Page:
News broke over the weekend that a small private plane carrying Jenni Rivera, the queen of Norteño music, from Monterrey to her next gig in Toluca had lost contact with air traffic control. Information lagged for a few hours until the plane was confirmed to have crashed and that Rivera and six other passengers were dead. It was a shocking end to an amazing life story, in which Rivera triumphed over hardship time and time again to become the first lady of banda.
Director Tony Scott committed suicide on Sunday. According to the L.A. County Coroner, Scott left notes to loved ones in his Toyota Prius, which was parked in an eastbound lane of the Vincent Thomas Bridge, off of which he jumped at about 12:30 p.m. His body was recovered hours later by authorities using sonar equipment. Scott, who is director Ridley Scott's younger brother, had a long string of crowd-pleasing hits after breaking out with 1986's Top Gun, including Beverly Hills Cop II, Days of Thunder, True Romance, Crimson Tide, and Enemy of the State.
With the possible exception of Salman Rushdie, no one lived life in hiding as publicly as Henry Hill, who beat the odds on Tuesday by dying, in a hospital, at 69, of a long illness. It was (probably) a lifetime of smoking that did him in, not a hot-lead overdose or an ice-pick to the endocranium, so he won, kind of.
Sixty-nine is old for a Mob turncoat expelled from federal witness protection for all manner of criminal backsliding. But it's fairly young for a celebrity, and that's what Henry Hill was when he died — a celebrity, in that a celebrity is almost always a chimera of fictional character and actual human being.
If the question is, "Name a TV personality whose easy charm and wry demeanor made him an emblematic game-show host of the format's '70s golden age," the no. 1 answer would have to be Richard Dawson, the Match Game panelist, Family Feud host, and all-around home-sick-from-school-watching-daytime-TV staple, who died Saturday of complications from esophageal cancer at the age of 79.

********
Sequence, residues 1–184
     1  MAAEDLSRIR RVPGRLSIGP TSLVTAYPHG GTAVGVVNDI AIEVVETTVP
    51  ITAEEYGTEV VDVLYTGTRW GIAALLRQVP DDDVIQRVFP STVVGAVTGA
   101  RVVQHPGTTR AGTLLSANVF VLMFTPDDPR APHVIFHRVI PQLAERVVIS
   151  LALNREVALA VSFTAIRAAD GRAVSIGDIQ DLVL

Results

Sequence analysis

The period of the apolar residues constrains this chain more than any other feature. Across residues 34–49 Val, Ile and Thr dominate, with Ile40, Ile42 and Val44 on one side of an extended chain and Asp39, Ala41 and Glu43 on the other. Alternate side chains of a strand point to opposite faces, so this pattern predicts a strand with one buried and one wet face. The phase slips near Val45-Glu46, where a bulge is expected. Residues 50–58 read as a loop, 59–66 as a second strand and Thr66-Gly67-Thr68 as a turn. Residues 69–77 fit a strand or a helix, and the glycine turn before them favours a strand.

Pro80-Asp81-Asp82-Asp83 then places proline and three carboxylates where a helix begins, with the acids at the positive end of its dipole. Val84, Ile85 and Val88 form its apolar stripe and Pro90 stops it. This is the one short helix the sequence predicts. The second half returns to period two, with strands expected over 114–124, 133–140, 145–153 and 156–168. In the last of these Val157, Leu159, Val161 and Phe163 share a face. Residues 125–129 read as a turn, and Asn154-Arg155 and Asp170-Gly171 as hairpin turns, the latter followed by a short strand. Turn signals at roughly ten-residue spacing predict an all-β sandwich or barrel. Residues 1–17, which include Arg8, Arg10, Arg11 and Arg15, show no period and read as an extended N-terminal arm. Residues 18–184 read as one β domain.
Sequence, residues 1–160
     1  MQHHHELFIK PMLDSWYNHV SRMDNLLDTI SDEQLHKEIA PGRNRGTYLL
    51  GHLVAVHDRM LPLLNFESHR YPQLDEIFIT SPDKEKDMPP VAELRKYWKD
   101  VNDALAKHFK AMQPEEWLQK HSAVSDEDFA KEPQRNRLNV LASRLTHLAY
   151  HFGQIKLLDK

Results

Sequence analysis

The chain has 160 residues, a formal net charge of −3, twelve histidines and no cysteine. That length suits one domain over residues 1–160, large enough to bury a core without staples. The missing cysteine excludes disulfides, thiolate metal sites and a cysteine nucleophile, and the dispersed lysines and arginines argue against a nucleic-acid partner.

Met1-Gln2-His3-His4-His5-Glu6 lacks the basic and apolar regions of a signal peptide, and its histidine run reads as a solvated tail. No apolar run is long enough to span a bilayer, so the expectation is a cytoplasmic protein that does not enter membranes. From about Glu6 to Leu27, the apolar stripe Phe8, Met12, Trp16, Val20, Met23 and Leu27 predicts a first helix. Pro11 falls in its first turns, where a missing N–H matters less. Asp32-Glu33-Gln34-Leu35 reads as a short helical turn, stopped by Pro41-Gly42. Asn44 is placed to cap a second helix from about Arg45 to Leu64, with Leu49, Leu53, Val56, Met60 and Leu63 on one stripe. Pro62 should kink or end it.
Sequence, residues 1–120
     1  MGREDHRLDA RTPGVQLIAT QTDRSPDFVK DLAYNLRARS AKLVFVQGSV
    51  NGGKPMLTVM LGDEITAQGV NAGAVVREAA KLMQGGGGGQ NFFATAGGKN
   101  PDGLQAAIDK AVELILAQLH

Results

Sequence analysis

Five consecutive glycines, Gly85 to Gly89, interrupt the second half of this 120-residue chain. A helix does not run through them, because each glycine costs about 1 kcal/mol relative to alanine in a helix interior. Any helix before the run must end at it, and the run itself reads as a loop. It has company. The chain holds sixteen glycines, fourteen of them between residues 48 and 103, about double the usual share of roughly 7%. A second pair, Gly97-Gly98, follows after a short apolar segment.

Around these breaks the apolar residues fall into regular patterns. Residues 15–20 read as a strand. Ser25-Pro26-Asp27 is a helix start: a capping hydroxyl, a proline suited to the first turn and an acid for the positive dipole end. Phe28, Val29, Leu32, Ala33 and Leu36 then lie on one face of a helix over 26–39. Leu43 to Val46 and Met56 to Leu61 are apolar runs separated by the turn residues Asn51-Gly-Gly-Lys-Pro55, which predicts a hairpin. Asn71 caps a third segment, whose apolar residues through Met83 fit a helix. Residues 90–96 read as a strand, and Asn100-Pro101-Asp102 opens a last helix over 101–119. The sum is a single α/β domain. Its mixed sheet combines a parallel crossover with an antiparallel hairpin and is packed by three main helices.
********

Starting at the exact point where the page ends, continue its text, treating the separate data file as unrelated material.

Adam Yauch died today. It wasn’t completely unexpected. He’d been first diagnosed with cancer, in his parotid gland and a lymph node, in 2009, and underwent surgery and radiation at the time. The then-upcoming Beastie Boys album Hot Sauce Committee, Pt. 1 was pushed back, and a bunch of tour dates were canceled. A few months before it was eventually released, under the title Hot Sauce Committee Part Two, in April of 2011, Yauch released a statement denying reports he was back to full health, explaining that he was still undergoing treatment and saying that he was optimistic he would be “cancer free in the near future." When that album was released I attended a press event for it, and from the back of the room saw a frail Yauch, rocking a giant cowboy hat, proudly introducing the awesome “Make Some Noise” video he’d directed. I guess that ever since seeing him in person, looking unwell, I’ve had the thought, somewhere in the back of my mind, that Adam Yauch — of the Beastie Boys, my favorite band — might die young.